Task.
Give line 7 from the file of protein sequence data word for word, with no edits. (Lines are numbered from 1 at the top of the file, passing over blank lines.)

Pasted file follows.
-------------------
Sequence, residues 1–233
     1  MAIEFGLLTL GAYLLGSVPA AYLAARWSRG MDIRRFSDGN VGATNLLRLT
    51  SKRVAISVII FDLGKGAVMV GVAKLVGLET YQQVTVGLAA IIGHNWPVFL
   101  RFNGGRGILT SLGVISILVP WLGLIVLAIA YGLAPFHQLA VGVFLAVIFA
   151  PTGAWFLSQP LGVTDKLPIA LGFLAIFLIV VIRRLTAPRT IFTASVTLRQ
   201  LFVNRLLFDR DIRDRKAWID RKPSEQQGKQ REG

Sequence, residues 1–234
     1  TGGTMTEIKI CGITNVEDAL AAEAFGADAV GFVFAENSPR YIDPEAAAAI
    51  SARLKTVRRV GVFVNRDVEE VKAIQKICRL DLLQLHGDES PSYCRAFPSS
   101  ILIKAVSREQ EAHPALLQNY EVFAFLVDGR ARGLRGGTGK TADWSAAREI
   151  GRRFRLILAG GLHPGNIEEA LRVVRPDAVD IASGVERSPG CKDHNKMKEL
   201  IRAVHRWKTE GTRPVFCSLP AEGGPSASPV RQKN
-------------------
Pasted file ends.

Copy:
Sequence, residues 1–234